Can you give me some help on making this angle cut?

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Do you own a decent jack or jointer plane? Knocking the corners off to 22-1/2 degrees shouldn't take all that long to do. Probably take less time then setting this up on a table saw.
Len
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precise an angle. However, since I don't own one I don't know what I am talking about!
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Set a bevel gauge for 22-1/2 degrees and check as you go. Same way you'd check the angles on slats for a wooden bucket.
Len
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I agree with the router table solution.
Quick, easy, safe, and "very" accurate.
I own a large 8" jointer and that would not be my first choice for the project.
Dick Snyder wrote:

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Rather than use double stick tape, I used a piece of 1/2" of Baltic Birch plywood clamped to the face frame and did a few dry runs through the jointer. With the jointer fence angled down toward the bed at a 22.5 degree angle, the whole thing is kind of heavy and I think I will not be able to keep the 1/2" backer board tight to the jointer fence the whole time and multiple times as I make enough passes to remove all the material (my face frame is oak).
An early idea was to use a 22.5 degree chamfer bit in my router table (more on this in a second).
Then there was discussion about using a panel raising jig so that I could make the cut with the face frame in a vertical manner so the fence to saw blade distance is no longer an issue.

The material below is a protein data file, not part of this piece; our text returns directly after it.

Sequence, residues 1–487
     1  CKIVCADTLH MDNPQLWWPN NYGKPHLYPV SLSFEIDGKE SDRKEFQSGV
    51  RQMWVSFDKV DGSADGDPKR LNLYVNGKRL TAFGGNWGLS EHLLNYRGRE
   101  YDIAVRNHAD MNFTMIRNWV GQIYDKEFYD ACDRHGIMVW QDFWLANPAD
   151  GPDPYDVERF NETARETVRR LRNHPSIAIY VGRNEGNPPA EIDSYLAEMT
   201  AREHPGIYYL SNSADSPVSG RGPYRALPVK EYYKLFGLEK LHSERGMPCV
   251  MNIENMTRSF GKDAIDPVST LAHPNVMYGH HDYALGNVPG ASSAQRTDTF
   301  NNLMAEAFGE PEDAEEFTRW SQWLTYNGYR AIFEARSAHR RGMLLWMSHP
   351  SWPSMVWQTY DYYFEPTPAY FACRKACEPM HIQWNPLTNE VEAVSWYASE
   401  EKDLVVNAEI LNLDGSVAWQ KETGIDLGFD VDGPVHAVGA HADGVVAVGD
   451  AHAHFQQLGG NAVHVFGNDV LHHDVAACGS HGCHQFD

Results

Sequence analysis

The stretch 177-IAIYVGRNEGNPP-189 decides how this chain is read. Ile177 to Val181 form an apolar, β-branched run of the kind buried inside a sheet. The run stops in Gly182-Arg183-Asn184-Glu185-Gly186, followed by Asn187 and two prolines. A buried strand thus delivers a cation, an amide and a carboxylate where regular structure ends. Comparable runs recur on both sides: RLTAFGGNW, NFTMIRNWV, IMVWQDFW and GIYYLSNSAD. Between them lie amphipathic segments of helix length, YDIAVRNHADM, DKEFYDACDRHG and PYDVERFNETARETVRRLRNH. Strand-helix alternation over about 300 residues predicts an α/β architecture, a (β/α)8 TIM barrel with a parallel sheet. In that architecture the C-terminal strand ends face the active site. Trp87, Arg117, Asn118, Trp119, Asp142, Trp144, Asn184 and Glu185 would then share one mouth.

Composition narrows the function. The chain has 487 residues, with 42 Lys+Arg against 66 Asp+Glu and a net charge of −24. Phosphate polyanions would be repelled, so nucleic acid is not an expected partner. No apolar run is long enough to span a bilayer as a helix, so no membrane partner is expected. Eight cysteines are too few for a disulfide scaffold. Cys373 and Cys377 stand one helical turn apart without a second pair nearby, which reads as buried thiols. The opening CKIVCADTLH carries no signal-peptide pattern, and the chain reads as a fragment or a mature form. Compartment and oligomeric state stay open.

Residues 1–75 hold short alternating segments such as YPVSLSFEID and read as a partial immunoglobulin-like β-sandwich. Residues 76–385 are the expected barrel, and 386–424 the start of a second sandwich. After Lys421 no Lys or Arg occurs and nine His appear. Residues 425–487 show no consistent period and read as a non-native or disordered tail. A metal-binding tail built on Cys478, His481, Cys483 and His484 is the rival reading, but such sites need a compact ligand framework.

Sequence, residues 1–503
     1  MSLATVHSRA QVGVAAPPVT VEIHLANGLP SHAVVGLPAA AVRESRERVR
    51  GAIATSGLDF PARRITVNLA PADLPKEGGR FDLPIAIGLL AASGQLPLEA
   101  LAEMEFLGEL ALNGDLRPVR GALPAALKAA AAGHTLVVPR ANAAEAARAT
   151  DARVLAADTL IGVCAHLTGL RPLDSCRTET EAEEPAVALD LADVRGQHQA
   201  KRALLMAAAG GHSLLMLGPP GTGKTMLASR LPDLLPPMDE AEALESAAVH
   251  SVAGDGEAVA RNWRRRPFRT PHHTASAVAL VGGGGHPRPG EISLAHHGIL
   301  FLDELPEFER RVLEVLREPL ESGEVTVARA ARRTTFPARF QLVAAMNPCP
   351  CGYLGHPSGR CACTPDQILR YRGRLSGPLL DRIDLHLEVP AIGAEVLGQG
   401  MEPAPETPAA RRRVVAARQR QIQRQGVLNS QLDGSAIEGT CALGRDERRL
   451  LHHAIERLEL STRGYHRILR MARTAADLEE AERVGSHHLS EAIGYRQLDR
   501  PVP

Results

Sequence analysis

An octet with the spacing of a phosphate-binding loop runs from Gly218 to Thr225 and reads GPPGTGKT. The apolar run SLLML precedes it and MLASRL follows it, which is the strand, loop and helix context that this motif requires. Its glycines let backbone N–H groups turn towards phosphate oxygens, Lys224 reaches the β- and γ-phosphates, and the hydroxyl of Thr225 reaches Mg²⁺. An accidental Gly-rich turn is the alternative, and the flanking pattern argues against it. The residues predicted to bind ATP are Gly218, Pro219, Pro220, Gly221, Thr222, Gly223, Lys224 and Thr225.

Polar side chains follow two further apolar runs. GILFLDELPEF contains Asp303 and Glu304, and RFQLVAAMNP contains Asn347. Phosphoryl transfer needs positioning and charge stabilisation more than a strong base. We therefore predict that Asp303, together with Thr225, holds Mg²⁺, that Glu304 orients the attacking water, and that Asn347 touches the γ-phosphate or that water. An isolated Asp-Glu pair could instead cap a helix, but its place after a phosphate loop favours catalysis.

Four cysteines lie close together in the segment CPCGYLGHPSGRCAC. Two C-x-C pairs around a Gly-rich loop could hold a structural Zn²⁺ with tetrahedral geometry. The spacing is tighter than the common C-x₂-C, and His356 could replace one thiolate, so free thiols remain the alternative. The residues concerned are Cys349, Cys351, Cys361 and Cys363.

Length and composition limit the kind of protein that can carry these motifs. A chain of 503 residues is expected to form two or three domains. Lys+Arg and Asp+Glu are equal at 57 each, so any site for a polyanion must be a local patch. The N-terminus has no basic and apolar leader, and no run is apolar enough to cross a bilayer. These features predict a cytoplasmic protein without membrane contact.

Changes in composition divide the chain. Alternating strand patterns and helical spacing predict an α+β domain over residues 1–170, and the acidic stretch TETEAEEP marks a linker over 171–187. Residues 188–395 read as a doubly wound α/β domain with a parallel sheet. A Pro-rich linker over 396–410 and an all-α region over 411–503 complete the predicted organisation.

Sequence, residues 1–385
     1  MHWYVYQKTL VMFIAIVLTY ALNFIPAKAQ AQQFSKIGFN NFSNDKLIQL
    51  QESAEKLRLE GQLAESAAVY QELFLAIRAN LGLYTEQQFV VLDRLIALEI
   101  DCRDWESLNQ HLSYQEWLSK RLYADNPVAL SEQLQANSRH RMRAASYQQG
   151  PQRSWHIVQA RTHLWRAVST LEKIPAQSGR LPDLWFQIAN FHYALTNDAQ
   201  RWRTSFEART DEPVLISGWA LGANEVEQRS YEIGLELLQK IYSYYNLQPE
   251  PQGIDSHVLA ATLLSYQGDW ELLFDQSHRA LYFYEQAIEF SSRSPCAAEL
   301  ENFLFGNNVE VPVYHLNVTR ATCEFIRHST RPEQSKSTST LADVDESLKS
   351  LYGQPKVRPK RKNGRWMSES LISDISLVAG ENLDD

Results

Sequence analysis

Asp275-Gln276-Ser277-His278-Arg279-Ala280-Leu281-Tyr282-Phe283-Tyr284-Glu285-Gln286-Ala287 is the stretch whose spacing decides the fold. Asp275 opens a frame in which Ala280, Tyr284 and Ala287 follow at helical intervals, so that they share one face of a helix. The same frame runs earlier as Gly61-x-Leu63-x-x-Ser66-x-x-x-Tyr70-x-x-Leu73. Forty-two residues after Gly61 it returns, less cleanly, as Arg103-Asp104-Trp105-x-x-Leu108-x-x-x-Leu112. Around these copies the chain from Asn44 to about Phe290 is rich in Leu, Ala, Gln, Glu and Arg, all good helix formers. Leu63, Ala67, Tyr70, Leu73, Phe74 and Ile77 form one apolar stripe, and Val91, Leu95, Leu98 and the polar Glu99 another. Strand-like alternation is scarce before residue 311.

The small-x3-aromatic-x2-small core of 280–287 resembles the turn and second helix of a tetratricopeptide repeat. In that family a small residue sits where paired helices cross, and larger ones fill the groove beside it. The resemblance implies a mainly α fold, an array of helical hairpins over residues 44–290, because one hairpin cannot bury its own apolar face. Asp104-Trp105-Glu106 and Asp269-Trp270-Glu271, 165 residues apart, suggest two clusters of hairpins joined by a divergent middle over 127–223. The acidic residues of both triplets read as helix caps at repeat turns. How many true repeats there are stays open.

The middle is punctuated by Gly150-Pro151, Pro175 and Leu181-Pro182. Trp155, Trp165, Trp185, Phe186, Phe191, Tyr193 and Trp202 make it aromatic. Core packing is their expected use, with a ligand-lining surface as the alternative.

I rejected (without commenting) the chamfer bit as I really wanted to make the cut on each of the two faces at 22.7 degrees so that the outer (visible) edge of the joint would be nice and tight when I glued the two pieces up. Maybe that was a silly quibble. I think the chamfer bit is the way for me to go. As some point I will need to make a panel raising jig but I don't have one now and the Rockler store where I can get the bit tomorrow is not terribly far away from me.
So that is the direction I will take. Assuming my test cuts go well, I will be in business. If not, I will own a new router bit and I will be building a panel raising jig. Thanks all for your help. This group has almost never failed me when I have had a problem I needed your help with.
Thanks everyone. I will report back after I have used the chamfer bit tomorrow or Sunday!
Dick
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Everything came out fine. Thanks to Morris Dovey for the suggestion and thanks again to all of you for your help. I have not only completed this step of my project successfully, I learned some other ways to solve this kind of problem for the future.
Dick
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